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This blog post was written by Krista Sherman, Research Associate at Shedd Aquarium and Ph.D. Candidate at the University of Exeter. Krista’s research is focused on understanding endangered Nassau grouper populations in The Bahamas.

Nassau Grouper fish found during a Shedd Aquarium research trip.
A Nassau Grouper, Epinephelus striatus, found during a Shedd Aquarium research trip. ©Shane Gross

In the winter, under the light of full moon, Nassau grouper, Epinephelus striatus, migrate great distances, often over 300 km, to specific locations where they converge by the hundreds to thousands to reproduce. These meeting locations are referred to as fish spawning aggregations (FSAs). While the predictability of the Nassau grouper’s behavior allows the animals to migrate easily, it has also made it dangerously simple for the species to become overfished – leading to collapses of traditional FSA’s in The Bahamas and throughout the wider Caribbean. Beyond being an iconic native species, the fish is hugely important to the culture, ecology and economy of the region. To help find and protect these critical spawning grounds in The Bahamas, Shedd Aquarium has partnered with The Bahamas National Trust, Perry Institute for Marine Science and University of Exeter to better understand the status of Nassau grouper spawning aggregations in the country.

Diver deploying a monitor
Diving to deploy a VR2W monitor. ©Tanya Kamerman

Recently, I spent two weeks island-hopping and diving to collect, download, and re-deploy VR2Ws – monitors on the ocean floor strategically placed around The Bahamas with the assistance of Tanya Kamerman (MSc student at Nova Southeastern University) and Tavares Thompson (citizen scientist from Andros). The monitors, along with acoustic transmitters, are used to silently track the movement of Nassau grouper to and from spawning aggregation sites. They do so by picking up signals from more than 60 native fish that have been carefully fitted with surgically implanted transmitters as a part of Shedd Aquarium’s acoustic telemetry project, which began in 2014. Each time a fish with a transmitter passes by one of our arrays, the device records and saves the data. During the course of the trip, we recovered two receivers from Andros, and retrieved and re-deployed seven VR2Ws in Exuma and Long Island.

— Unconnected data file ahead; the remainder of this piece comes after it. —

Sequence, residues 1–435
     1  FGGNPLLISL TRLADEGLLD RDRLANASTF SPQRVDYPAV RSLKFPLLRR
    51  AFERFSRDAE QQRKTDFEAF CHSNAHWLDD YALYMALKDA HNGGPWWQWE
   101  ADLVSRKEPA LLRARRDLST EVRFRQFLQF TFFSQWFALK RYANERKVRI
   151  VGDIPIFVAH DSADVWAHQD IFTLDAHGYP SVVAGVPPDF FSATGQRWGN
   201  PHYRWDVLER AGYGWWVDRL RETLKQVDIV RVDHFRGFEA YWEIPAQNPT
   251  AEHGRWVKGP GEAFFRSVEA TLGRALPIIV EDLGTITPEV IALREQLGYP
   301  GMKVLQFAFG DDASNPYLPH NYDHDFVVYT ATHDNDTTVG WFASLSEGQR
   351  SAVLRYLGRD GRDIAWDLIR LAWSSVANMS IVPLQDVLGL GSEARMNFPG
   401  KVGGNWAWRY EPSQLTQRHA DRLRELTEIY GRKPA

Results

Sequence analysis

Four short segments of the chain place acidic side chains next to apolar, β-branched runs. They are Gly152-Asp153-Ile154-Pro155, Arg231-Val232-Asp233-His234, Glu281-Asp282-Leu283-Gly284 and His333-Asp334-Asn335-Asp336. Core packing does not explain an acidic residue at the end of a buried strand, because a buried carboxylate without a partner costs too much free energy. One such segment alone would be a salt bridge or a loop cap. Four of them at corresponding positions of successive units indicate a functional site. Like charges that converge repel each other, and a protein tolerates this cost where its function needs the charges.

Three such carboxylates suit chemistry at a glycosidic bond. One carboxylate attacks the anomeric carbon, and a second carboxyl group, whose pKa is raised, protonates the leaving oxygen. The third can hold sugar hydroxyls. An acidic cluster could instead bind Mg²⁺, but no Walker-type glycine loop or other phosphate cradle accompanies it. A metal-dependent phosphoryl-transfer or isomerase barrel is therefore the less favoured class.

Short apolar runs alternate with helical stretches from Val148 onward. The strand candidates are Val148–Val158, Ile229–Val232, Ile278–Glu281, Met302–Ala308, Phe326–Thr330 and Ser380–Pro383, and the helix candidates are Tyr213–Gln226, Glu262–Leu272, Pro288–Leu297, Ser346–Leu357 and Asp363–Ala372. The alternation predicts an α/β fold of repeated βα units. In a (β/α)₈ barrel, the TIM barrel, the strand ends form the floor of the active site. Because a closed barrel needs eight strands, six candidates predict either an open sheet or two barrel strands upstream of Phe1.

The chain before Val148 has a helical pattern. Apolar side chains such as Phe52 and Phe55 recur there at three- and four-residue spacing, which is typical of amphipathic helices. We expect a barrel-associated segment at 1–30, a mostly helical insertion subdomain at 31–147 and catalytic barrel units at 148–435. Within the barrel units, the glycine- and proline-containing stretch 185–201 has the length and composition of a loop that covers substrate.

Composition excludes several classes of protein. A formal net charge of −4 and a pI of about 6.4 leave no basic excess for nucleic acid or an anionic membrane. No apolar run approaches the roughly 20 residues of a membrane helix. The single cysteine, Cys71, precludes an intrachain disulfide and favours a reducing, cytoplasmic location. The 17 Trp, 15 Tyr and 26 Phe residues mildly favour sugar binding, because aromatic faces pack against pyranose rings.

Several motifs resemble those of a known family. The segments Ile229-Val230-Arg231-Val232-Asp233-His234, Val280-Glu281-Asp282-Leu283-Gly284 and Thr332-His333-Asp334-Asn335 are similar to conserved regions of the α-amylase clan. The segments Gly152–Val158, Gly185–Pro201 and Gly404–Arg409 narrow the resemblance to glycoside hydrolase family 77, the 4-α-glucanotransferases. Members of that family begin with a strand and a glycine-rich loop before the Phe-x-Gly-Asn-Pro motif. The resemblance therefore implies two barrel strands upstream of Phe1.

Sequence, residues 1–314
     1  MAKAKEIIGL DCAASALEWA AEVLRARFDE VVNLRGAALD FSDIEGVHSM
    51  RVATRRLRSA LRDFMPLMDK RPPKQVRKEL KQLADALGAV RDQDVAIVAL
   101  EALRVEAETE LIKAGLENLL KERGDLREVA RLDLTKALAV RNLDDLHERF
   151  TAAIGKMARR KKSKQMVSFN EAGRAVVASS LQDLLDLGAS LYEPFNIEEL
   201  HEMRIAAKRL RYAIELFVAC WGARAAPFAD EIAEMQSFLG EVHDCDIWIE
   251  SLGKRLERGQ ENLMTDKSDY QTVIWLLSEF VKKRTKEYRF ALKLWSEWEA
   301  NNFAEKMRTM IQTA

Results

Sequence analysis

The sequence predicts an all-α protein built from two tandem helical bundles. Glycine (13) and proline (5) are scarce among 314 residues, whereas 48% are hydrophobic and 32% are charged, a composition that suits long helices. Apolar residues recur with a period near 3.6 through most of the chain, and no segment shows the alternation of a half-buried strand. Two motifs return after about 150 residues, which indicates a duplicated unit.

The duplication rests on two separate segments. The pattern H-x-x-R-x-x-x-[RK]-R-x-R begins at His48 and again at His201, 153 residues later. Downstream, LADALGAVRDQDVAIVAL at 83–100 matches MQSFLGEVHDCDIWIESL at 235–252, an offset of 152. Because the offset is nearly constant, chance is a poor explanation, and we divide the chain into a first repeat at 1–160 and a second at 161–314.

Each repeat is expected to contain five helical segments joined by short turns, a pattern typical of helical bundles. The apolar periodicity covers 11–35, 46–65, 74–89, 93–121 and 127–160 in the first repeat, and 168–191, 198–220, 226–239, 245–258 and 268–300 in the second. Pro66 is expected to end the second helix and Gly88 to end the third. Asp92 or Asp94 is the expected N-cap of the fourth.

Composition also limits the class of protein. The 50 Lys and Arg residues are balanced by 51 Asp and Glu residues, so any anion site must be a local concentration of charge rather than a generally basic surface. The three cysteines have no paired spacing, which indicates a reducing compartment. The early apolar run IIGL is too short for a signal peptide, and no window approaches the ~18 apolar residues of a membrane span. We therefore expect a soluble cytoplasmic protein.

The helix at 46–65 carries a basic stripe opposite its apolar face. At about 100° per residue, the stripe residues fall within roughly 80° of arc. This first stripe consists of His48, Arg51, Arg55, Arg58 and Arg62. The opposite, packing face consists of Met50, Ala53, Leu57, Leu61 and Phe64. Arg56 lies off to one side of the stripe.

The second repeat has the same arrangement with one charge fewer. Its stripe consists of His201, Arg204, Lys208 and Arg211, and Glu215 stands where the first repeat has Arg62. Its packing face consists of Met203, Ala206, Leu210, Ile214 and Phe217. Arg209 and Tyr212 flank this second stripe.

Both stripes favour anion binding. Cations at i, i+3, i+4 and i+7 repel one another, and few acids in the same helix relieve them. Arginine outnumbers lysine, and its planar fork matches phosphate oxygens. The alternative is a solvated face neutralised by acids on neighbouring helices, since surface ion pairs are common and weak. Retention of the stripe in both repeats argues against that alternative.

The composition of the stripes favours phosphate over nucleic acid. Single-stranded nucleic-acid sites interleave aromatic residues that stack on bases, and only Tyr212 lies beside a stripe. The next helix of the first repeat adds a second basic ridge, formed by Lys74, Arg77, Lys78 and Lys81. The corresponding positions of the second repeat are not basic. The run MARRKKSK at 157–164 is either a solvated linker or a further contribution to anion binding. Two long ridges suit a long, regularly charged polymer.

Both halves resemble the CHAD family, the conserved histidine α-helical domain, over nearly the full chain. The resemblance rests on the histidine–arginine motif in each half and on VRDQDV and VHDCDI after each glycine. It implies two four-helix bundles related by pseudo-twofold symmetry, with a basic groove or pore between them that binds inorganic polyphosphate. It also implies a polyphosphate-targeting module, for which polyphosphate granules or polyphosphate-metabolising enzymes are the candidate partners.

The Andros receivers were part of a two-year study examining migration patterns between the barrier reef and reported spawning aggregation sites. Results from our study, published earlier this year, suggest the collapse of a historically large Nassau grouper spawning aggregation site and the potential existence of an un-reported site in the northern part of Andros. The two receivers recovered from Andros mark the end of that portion of our telemetry research.

Other aspects of the telemetry work involve exploring patterns of connectivity between the Exumas and Long Island, and movement within a spawning aggregation. Knowing this, we collected and re-deployed receivers around these islands in advance of the upcoming spawning season.

Thus far, data from the Exuma receivers show the migration of several Nassau grouper from a spawning site off Long Island into the Exumas. Additionally, >100,000 detections were recorded from 22 tagged Nassau grouper within a spawning aggregation site. We will be taking a closer look at the within-aggregation data to try and understand what fish are doing during this critical period.

Consistent with previous studies, Nassau grouper are migrating to and from spawning sites within a few days around the full moon, spending very little time at the aggregation before returning to their home reefs. Results from our telemetry studies will be combined with population genetics research, data from spawning aggregation surveys, and socioeconomic surveys to develop a science-based management plan for the iconic species.

Diver in the Bahamas deploying equipment to track Nassau grouper migrations
Deploying equipment in The Bahamas to help Shedd Aquarium track Nassau grouper migrations. ©Shedd Aquarium/Sam Cejtin

Next steps for this work include completing assessments of the FSA’s with the assistance of partners from the Perry Institute for Marine Science and Bahamas National Trust and other volunteers aboard Shedd Aquarium’s research vessel, Coral Reef II, this November and December.

For more information about this research, visit Shedd Aquarium’s website.